I'm an American, and proud of it.
I am also of Mexican descent.
Both of my parents were born in Mexico, and came to these great United States in their youth.
I learned how to speak Spanish, only because my (Grandma) Abuelita Clemen who took care of me when I was little, did not speak English. She spoke to me only in Spanish, thus I learned to speak the language.
My parents spoke only English at home. No espanol.
I am a child of the eighties.
Teased hair, Z. Cavarrici pants, blue eyeliner and frosted pink lipstick.
I went to a Catholic High School, and was a typical American teenager.
In my youth I got a job working for Pacific Bell, in the Hispanic Center.
The Hispanic Center was a call center, that took customer service calls from all of PacBell's Spanish-speaking customers.
I spoke Spanish all day, every day, and really began to master the language.
Even my Abuelito Adal was impressed. We had many conversations about telephone service. My Grandpa and I would talk about long distance carriers and about why his bill was so high. I would relate some humorous story or another about this customer and that customer.
Those were some good times, good memories...and all because I was a Spanish-speaking machine.
After I left that job, my awesome Spanish skills began to wane. I tried to "practice" by speaking in only Spanish to Oscar (who does not speak Spanish), but that didn't last long.
He would look at me blankly until I would just give up, and revert back to good old ingles (english...see, I still got it).
After Sabrina was born, I would constantly get the riot act from my Grandma.
Her: "Mija, porque no le hablas en espanol a la nina?"
(Why don't you speak Spanish to Sabrina)
Me: (Sheepishly) "Pues, si le hablo en espanol...."
(I do speak Spanish to her) Liar, Liar pants on fire.....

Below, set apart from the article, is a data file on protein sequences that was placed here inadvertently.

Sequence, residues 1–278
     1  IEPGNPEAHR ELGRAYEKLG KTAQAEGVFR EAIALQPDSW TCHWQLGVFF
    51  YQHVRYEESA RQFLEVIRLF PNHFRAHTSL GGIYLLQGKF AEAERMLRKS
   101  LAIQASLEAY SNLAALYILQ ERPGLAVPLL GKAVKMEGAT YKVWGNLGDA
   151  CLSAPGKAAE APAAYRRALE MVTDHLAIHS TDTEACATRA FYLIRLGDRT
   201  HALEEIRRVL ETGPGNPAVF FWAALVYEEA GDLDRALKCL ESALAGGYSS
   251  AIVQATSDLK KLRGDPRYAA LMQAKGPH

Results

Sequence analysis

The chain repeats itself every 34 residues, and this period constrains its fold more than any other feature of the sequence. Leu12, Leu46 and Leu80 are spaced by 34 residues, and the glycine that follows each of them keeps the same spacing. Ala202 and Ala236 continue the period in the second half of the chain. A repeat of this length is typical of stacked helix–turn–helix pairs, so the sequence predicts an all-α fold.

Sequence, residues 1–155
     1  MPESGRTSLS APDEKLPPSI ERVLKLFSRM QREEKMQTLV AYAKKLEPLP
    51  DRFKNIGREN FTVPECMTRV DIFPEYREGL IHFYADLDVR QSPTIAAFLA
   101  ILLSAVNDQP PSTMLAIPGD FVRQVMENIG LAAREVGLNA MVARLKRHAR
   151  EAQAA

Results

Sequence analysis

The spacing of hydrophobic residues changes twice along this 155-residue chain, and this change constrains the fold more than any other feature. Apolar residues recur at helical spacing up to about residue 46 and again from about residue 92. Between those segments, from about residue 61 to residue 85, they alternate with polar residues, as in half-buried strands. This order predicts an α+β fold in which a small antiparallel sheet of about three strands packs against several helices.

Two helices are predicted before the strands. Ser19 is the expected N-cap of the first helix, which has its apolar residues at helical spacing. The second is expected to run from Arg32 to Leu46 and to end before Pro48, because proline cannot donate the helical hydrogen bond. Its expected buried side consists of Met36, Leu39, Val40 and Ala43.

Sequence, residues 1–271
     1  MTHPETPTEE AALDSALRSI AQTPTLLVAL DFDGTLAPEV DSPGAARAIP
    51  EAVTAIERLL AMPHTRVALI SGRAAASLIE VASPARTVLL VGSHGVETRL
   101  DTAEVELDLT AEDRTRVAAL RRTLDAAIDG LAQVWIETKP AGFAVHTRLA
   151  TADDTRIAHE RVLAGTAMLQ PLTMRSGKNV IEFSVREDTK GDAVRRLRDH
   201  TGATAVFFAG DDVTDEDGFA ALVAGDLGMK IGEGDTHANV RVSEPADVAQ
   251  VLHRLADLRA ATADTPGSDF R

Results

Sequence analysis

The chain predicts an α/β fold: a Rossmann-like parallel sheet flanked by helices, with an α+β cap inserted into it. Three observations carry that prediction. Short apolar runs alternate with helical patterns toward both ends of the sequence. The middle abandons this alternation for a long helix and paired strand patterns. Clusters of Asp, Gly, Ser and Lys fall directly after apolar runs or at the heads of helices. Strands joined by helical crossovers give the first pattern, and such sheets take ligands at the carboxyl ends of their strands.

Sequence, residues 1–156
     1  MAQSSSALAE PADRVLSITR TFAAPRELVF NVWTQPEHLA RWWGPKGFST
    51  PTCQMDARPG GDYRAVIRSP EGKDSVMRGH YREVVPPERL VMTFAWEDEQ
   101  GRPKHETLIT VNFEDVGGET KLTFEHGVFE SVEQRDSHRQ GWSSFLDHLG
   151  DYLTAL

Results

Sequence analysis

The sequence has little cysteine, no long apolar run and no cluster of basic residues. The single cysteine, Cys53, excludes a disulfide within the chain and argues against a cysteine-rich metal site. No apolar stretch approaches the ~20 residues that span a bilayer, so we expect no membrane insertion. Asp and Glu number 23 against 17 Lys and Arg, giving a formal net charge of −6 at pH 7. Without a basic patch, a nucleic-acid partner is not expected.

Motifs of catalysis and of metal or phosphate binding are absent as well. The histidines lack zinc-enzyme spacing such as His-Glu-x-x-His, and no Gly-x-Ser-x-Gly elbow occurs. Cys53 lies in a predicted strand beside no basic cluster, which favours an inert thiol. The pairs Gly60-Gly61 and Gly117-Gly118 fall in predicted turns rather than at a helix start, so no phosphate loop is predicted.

Her: "Pues no creo que le estas hablando en espanol...por que no me entiende!"
(I don't think you are speaking to her in Spanish because she doesn't understand me)
Me: "Ummmm.....no se por que....."
(Ummm, I don't know why..)
But of course I knew why the girl didn't understand my Abuelita, because I really wasn't speaking to her in Spanish. Aye, ya yay!
So everytime I would see my Grandma, she would tell me what a dis-service I was doing my daughter. Dios mio, the guilt, but she was right.
So now, Sabrina is almost ten, and asks me constantly why she doesn't know how to speak Spanish, except what she learned by watching Dora the Explorer as a toddler.
You know the words, probably the same ones you or your own toddler know...
"Bate, bate chocolate"
"Si se puede" (this one, sadly ironic, since it means "Yes you can").
Lucky for me, my Abuelita is still around. She's 86 years old, and as sharp as a tack. I adore that lady more than I can put into words.
When her and Sabrina get together, it is quite an interesting scene as the communication dance starts between them, but somehow they manage.
I still say a few Hail Mary's every night to lessen my guilt though.